Mapping Life’s Routes: Lessons from Waze and the Sabbath

By: Rabbi Yaakov Wolff
September 7, 2023

For the past 15 years, Waze has been the top choice for navigation apps. Its standout feature is real-time traffic updates from users, which help you dodge traffic snarls with clever shortcuts. Waze also suggests places to park, find gas, share rides, and more. But there’s one thing that Waze can’t assist you with.

When describing the Sabbath day in Exodus 20, the Torah charges us to remember the Sabbath day and keep it holy, refraining from work and resting on the seventh day. The section concludes:

For in six days Hashem made heaven and earth and sea, and all that is in them, and He rested on the seventh day; therefore Hashem blessed the Sabbath day and hallowed it. (Exodus 20:11)

This translation follows the basic meaning of this verse, that it took God six days to create the world, followed by the Sabbath, the day when He rested. But there is another way to think about it: Understood literally, the verse could mean “God created six days,” meaning that God made a world that could last only for six days. The six days were then followed by the Sabbath, giving the world another six days until the following Sabbath starts the cycle all over again.

Why did God set the week up like this?

When we put all of our energy into work, we can achieve a lot. But it’s easy to lose sight of what really matters. The constant hustle can consume us, leaving us little time and energy for our family, community, and spiritual pursuits. The Sabbath makes us stop and refocus on what’s really important. Refraining from work doesn’t just allow us increased leisure, rather it creates a space to reflect on our values.  This way, we stay connected to what truly matters in this world.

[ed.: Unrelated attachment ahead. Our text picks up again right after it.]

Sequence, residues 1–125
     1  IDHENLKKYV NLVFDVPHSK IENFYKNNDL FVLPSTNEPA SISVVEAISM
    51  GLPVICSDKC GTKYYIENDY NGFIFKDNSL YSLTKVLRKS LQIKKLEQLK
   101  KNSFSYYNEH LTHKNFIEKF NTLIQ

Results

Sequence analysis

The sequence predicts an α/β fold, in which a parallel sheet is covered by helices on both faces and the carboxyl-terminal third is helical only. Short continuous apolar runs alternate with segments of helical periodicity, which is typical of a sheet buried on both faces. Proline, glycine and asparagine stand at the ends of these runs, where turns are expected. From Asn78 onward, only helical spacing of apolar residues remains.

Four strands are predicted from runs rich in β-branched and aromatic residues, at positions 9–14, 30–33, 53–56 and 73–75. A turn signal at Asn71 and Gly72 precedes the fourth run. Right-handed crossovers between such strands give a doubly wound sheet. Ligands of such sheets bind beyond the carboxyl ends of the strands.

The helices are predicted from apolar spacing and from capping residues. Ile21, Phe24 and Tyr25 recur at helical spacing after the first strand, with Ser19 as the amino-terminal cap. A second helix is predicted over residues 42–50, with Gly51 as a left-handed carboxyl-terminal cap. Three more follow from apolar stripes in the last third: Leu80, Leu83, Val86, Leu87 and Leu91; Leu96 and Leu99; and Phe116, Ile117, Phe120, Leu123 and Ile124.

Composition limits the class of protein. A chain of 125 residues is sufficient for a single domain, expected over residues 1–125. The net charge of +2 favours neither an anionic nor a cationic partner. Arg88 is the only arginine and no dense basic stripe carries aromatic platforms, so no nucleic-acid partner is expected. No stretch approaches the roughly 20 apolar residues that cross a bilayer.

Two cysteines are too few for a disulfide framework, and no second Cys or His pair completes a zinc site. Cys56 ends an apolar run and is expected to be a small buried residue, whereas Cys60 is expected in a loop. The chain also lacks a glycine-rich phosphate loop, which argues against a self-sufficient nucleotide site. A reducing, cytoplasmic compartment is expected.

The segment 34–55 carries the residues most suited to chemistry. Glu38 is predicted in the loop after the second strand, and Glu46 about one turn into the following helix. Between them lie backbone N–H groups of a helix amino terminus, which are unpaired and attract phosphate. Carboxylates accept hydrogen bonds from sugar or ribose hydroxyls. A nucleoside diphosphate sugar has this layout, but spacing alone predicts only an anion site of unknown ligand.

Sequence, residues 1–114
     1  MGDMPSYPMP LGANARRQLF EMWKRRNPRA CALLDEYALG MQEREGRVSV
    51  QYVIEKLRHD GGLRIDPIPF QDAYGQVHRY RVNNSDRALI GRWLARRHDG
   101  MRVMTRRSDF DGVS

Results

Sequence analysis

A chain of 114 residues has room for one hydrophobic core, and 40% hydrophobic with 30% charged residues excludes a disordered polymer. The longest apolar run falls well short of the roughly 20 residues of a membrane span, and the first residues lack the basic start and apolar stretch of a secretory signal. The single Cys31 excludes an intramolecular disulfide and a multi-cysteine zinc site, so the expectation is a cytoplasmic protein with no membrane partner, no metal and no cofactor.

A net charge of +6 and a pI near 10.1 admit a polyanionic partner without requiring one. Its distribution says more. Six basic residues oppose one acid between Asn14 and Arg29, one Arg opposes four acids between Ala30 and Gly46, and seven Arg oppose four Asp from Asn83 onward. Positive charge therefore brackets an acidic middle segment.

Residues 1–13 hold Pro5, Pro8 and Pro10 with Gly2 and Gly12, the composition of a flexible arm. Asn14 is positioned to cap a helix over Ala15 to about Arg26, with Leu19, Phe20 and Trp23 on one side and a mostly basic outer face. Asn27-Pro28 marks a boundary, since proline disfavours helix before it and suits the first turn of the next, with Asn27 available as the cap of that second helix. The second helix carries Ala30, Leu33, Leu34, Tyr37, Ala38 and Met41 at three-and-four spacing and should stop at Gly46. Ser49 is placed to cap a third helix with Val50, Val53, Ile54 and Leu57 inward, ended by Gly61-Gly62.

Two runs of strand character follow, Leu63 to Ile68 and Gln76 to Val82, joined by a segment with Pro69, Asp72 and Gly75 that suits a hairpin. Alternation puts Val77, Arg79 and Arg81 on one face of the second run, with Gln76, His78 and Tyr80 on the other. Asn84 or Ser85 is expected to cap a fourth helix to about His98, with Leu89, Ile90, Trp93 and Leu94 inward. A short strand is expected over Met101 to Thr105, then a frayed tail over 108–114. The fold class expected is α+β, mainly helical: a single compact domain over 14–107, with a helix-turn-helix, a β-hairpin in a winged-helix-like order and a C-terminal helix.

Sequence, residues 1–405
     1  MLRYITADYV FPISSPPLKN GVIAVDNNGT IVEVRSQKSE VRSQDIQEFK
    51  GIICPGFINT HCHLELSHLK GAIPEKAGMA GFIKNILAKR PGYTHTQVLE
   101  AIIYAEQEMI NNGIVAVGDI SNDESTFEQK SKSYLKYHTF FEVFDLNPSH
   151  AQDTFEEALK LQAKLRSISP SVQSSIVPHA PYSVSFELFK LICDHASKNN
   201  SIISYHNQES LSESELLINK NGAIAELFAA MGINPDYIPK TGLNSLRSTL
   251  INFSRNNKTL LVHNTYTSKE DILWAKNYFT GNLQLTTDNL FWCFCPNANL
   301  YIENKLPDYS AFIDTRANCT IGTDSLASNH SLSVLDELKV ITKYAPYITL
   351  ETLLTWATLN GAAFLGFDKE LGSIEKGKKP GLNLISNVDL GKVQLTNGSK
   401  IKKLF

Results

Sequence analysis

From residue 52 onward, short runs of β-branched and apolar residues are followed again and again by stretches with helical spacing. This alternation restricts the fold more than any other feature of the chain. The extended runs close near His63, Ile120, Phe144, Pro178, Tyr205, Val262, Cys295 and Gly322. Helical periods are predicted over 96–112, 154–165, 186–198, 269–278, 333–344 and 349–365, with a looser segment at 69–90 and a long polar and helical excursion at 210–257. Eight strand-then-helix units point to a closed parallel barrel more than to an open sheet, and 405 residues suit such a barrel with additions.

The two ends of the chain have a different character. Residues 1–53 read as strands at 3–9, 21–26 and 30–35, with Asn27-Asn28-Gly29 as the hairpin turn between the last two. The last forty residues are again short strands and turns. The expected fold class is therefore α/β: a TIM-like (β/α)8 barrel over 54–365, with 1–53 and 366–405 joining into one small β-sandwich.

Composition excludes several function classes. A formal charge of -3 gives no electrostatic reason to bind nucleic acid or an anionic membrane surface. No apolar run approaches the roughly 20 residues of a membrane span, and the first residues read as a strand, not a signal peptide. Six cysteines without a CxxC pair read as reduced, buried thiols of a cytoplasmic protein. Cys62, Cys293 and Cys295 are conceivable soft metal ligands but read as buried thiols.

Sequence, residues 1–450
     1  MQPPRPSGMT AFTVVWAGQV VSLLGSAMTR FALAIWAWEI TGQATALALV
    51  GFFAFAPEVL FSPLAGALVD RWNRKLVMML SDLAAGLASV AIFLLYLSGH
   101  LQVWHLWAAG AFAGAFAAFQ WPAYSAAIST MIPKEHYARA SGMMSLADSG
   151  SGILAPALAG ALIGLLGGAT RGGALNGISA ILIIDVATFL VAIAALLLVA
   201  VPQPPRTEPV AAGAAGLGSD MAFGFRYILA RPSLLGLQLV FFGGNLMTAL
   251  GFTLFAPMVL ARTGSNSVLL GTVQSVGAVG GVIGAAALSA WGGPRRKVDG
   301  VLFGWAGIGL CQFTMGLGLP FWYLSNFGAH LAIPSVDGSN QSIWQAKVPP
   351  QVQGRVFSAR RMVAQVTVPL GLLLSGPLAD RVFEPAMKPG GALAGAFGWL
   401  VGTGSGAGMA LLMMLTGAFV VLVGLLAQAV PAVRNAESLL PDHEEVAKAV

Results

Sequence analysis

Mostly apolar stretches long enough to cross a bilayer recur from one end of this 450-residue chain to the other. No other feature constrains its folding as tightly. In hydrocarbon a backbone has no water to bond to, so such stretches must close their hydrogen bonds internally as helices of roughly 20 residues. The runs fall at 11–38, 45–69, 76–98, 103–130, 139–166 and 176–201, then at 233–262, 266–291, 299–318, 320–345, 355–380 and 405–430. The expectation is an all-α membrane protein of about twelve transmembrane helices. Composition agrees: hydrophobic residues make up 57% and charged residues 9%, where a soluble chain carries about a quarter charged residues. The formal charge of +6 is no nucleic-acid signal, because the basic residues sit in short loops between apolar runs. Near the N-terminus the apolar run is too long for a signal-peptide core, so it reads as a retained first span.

That’s why God designed a system in which the world gets a fresh start every seventh day. He wanted us to be continually connected to higher ideals. Creation was limited to six days. The cycle of creation was intentionally set to conclude after day six, ensuring that the Sabbath arrives as a timely reminder to keep us from straying from what truly matters. It is this time of reflection and refocus on the purpose of creation, and what is really important in this world, that allows for its continued existence.

Waze can help us out in many ways during our journey, but it’s up to us to pick the destination. On regular days, we’re moving ahead with our life goals, speeding up, changing lanes, and avoiding traffic. But when the Sabbath arrives, we pause to think about where we’re headed. This helps us start the new week with a clear sense of purpose.

Rabbi Yaakov Wolff

Rabbi Yaakov Wolff

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